Rapid Onset of Acquired von Willebrand Syndrome Observed with Ventricular Assist Devices, Not SynCardia Total Artificial Heart
University Medical Center Freiburg in Germany Publishes Small Study Findings in “Thrombosis and Haemostasis"
TUCSON, Ariz. – May 20, 2010 – The findings of a 12 patient study recently published in Thrombosis and Haemostasis by University Medical Center Freiburg documented that patients implanted with a ventricular assist device (VAD) experienced a rapid onset of acquired von Willebrand syndrome (AVWS), while patients implanted with the SynCardia temporary Total Artificial Heart did not. The lead author of the study was Dr. Claudia Heilmann, Head of the Research Department for the Department of Heart and Vascular Surgery at University Medical Center Freiburg.
“While patients with different types of VADs developed varying severities of AVWS, none of the SynCardia Total Artificial Heart patients developed it,” said Prof. Dr. Friedhelm Beyersdorf, Director of Heart and Vascular Surgery at University Medical Center Freiburg. “The results of our study suggest that shear stress associated with exposure of blood to VAD cannulas and tubes may contribute to the development of AVWS. In contrast, the Total Artificial Heart connects directly to the remaining left and right atria, aorta and pulmonary artery, eliminating the need for cannulas and tubes.”
The study evaluated 12 patients who underwent implantation of a VAD or the SynCardia Total Artificial Heart between June 2006 and March 2009. Nine patients received VADs; two received HeartMate II left ventricular assist devices (LVAD), five received two Thoratec PVADs (Paracorporeal Ventricular Assist Devices) for biventricular support and two received the VentrAssist LVAD. Three patients received the SynCardia Total Artificial Heart.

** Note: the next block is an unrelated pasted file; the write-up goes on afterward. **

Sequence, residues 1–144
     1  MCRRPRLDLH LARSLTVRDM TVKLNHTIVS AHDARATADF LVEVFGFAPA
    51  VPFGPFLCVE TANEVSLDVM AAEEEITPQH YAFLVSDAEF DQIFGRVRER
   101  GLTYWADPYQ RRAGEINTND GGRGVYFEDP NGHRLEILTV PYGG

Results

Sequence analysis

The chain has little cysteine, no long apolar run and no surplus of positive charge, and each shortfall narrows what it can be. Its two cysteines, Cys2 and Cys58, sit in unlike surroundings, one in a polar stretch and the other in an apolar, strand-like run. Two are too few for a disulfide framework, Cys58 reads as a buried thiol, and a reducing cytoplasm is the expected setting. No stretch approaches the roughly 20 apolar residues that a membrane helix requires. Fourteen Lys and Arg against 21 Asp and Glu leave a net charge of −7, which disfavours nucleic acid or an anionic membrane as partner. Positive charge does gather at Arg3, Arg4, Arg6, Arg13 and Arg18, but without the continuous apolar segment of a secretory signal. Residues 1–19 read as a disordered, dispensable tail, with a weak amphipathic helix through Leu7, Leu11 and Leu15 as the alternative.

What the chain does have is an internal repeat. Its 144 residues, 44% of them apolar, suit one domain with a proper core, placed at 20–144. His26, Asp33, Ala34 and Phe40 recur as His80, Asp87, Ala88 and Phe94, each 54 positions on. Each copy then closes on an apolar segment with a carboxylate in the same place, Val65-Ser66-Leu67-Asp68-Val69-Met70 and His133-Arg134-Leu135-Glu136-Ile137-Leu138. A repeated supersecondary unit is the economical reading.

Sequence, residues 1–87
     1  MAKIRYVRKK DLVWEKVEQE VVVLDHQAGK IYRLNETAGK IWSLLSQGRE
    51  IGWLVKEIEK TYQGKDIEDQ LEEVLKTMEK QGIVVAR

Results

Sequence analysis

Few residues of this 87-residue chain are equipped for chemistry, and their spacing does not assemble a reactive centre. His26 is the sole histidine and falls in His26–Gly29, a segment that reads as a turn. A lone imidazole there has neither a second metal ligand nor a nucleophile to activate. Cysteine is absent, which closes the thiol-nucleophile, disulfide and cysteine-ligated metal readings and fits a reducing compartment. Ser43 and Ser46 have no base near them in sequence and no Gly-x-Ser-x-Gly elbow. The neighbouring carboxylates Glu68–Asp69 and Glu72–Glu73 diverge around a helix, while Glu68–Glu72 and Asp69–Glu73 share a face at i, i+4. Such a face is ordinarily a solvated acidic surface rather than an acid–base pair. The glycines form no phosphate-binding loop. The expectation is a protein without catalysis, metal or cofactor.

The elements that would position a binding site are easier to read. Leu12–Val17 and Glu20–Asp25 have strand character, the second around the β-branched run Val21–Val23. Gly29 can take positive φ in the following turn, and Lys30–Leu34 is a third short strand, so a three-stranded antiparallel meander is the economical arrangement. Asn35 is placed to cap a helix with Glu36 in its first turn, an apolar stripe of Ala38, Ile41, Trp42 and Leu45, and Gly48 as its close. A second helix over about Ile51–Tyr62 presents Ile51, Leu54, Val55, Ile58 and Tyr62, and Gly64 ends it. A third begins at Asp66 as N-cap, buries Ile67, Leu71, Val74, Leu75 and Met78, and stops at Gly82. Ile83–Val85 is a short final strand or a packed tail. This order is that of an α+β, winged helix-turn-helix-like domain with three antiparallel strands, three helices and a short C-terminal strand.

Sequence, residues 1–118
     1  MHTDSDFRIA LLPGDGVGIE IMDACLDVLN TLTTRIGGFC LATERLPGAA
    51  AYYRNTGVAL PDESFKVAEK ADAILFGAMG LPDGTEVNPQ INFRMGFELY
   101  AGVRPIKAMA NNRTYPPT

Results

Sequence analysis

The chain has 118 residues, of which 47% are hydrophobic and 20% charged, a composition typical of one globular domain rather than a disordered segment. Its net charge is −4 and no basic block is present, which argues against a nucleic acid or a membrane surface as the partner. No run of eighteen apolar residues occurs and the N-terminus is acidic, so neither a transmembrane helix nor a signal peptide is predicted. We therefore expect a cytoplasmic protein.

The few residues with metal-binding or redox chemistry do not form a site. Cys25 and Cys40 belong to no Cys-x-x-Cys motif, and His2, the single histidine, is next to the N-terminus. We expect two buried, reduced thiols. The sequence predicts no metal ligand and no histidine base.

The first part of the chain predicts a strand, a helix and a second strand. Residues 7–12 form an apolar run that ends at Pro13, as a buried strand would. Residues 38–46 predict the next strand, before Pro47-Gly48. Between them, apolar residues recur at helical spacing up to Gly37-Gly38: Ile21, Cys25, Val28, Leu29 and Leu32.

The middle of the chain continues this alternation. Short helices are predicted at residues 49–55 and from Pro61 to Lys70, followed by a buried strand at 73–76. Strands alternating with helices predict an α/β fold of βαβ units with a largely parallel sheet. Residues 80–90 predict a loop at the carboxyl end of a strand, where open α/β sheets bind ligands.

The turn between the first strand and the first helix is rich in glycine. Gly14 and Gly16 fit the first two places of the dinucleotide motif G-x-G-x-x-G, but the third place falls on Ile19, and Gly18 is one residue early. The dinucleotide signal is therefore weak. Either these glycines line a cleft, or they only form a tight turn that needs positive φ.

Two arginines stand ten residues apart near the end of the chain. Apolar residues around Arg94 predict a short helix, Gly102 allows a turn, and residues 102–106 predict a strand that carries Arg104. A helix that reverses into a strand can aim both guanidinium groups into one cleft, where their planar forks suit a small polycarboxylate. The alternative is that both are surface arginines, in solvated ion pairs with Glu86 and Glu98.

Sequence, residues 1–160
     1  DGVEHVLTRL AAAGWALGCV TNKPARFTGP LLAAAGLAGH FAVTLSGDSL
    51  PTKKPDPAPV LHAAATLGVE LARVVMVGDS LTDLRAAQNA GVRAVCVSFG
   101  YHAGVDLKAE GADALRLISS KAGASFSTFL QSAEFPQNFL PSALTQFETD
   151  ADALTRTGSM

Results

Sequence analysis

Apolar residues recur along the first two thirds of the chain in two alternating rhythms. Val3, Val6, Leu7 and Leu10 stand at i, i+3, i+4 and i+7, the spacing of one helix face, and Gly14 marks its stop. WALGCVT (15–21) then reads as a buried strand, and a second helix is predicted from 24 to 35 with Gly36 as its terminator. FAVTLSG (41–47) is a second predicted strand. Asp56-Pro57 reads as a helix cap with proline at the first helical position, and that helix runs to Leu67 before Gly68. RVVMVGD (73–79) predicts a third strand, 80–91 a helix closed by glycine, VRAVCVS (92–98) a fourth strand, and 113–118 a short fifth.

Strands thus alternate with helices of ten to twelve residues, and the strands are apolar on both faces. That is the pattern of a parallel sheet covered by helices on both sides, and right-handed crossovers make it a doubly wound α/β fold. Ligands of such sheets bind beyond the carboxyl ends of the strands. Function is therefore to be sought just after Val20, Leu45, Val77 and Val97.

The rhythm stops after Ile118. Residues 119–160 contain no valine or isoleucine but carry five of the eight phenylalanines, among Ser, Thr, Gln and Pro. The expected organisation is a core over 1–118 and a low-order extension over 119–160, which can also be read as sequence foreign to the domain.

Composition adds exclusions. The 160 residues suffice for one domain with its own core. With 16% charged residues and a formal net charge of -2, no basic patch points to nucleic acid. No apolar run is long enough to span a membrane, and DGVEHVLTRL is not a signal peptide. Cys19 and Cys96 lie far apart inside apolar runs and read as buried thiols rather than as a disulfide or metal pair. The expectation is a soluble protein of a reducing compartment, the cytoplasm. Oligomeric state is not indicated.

Within two weeks of implantation, eight of the nine VAD patients had developed AVWS, and over the course of the study, all nine. AVWS was not observed at any point in time with the Total Artificial Heart patients. Haemolysis was most pronounced in BiVAD patients, less severe with the HeartMate II and mild in patients with the VentrAssist.
“Acquired von Willebrand Factor deficiency, a hemorrhagic risk factor, has entered into the lexicon and clinical practice of mechanical circulatory support over the past couple of years,” said Paul E. Nolan, Jr., PharmD, Professor of Pharmacy Practice & Science at the University of Arizona. “The group from University Medical Center in Freiburg should be congratulated for performing this prospective study. The absence of acquired von Willebrand Factor deficiency in Total Artificial Heart patients should be encouraging to clinicians and their patients. However, what is unknown at this point is whether acquired von Willebrand Factor deficiency occurs with patients implanted with the Total Artificial Heart for durations exceeding one year.”
About SynCardia Systems, LLC
SynCardia Systems, LLC in Tucson, Ariz., is the privately-held manufacturer of the world's first and only FDA, Health Canada and CE approved Total Artificial Heart. For people suffering from end-stage heart failure affecting both sides of the heart (biventricular failure), the SynCardia temporary Total Artificial Heart is used as a bridge to transplant, helping them survive until a matching donor heart becomes available. SynCardia also manufactures the Freedom® portable driver, which powers the SynCardia Total Artificial Heart and allows clinically stable patients to be discharged from the hospital to enjoy life at home while they wait for a heart transplant.
Janelle Drumwright, firstname.lastname@example.org, (520) 547-7463